She gives me an expectant look. Hopeful and needy all at once. And lonely. As lonely as I’ve felt the past two weeks. Other than Chloe, all my friends seem to have vanished. I don’t know if this is my fault or theirs. Maybe I pushed them away without realizing it. Or maybe it’s just a natural by-product of my downward spiral. That loss inevitably begets loss. First Jane, then my parents, then my job and Andrew. With each loss, more and more friends drifted away. Maybe Ingrid is the person who’ll reverse that tide.
“Sure,” I say. “I’m in.”
Ingrid claps excitedly. “Then it’s settled. We’ll meet at noon in the lobby. Give me your phone.”
I pull it from my pocket and hand it to her. Ingrid enters her phone number into my list of contacts, spelling her name in all caps. I do the same with her phone, typing my name in appropriately meek lowercase letters.
“I will be texting if you try to ditch me,” she warns. “Now let’s seal the deal with a selfie.”
She holds up my phone and squeezes against me. Our faces fill the screen, Ingrid grinning madly and me looking slightly dazed by the encounter. Still, I smile, because for the first time in a long while, things don’t seem so bad. I have a temporary place to live and money on the way and a new friend.
“Perfect,” Ingrid says.
She taps the phone, and with a click, our pact is complete.
I spend my first night at the Bartholomew joyfully confounded over how I ended up here. The evening progresses in a sequence of impromptu steps—a happy dance being made up on the fly.
First, I climb the corkscrew steps to the bedroom, take off my shoes, and revel in the plush softness of the carpet. Walking on it feels like a foot massage.
I then fill the claw-foot tub in the master bathroom, pour in some pricey lavender-scented bubble bath I discover beneath the sink, and soak until my skin is rosy and my fingertips are pruned.
After the bath, I microwave a frozen pizza and plop it, sticky and steaming, onto a china plate so beautiful and delicate that merely touching it makes me nervous. I find a box of matches in the kitchen junk drawer and light the candles in the dining room. I eat sitting alone at one end of the absurd gangplank of a table as the flickering candlelight reflects off the windows.
When dinner is over, I open one of the bottles of wine Chloe gave me and plant myself at the sitting room window, drinking as night descends over Manhattan. In Central Park, the lamps along the paths pop into brightness, casting a ghostly halogen glow over the joggers, tourists, and couples that scurry by. I peer through the brass telescope by the window, spying on one such couple as they walk hand in hand. When they part, it’s with reluctance, their fingers extended, reaching out for one final bit of contact.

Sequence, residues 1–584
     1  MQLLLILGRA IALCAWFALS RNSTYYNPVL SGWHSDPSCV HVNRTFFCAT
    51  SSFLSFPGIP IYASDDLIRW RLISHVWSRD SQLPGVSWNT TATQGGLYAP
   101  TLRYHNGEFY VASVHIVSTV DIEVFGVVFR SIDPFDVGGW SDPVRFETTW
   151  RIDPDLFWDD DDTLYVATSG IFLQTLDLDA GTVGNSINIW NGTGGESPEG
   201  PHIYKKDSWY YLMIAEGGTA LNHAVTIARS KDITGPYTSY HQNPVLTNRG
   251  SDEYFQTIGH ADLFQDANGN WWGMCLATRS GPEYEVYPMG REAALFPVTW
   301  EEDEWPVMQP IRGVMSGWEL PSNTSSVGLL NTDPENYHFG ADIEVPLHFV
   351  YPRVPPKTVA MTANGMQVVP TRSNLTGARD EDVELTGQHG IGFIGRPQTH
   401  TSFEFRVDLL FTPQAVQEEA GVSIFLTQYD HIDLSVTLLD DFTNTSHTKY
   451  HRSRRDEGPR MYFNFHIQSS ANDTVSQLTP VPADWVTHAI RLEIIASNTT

I empty the glass of wine.
I refill it.
I try to pretend I’m not as lonely as I feel.
Time passes. Hours. When my third glass of wine has been emptied, I retreat to the kitchen and linger there, rinsing the wineglass and wiping down the already-clean countertops. I mull a fourth glass of wine but decide it’s not a good idea. I don’t want to get stumblingly drunk for the second time in two weeks, even though the occasions couldn’t be more different. The first time—when Chloe took me out for those ill-advised margaritas—was a sad drunk, with me weeping between sips. But now I’m oddly happy, content, and, for what feels like the first time in forever, hopeful.
Without thinking, I grab the matches off the counter, swiping one against the box until a flame flares at its tip. I then hold my left hand several inches above the flame, feeling its warmth on my open palm. Something I used to do quite often but haven’t tried in ages. There wasn’t a need.
Now that old urge has returned, and I slowly lower my hand toward the flame. As I do, I think of my parents and Jane and Andrew and fire chewing the edges of photographs before working its way to the center.
The warmth on my palm soon gives way to heat, which is quickly usurped by pain.
But I don’t move my hand. Not yet.
I need it to hurt a little more.
I stop only when my hand twitches against the pain. Self-preservation kicking in. I blow out the match, the flame gone in an instant, a few swirling fingers of smoke the only sign it was ever lit at all.
I light another, intent on repeating the process, when a strange noise rises from the dumbwaiter shaft. Although it’s muffled slightly by the closed cupboard door, I can tell the sound isn’t the dumbwaiter itself. There’s no slow turn of the pulleys, no almost imperceptible creak.
This noise is different.
Louder. Sharper. Clearly human.
It sounds, I realize, like a scream rising up the dumbwaiter shaft from the apartment below.
I stand frozen in the kitchen, my head cocked, listening intently for a second scream as the lit match burns its way toward my pinched thumb and forefinger. When it reaches them—a hot flash of pain—I yelp, drop the match, watch the flame wink out on the kitchen floor.
The burn spurs me into action. Sucking on my fingertip to dull the pain, I go from the kitchen to the hallway to the foyer. Soon I’m out of 12A, moving down the twelfth-floor hall on my way to the stairs.
The scream—or at least what I thought was a scream—replays in my head as I descend to the eleventh floor. Hearing it again in my memory tells me checking on Ingrid is the right thing to do. She could be hurt. She could be in danger. Or she could be none of those things, and I’m simply overreacting. It’s happened before. All my experiences past the age of seventeen have taught me to be a worrier.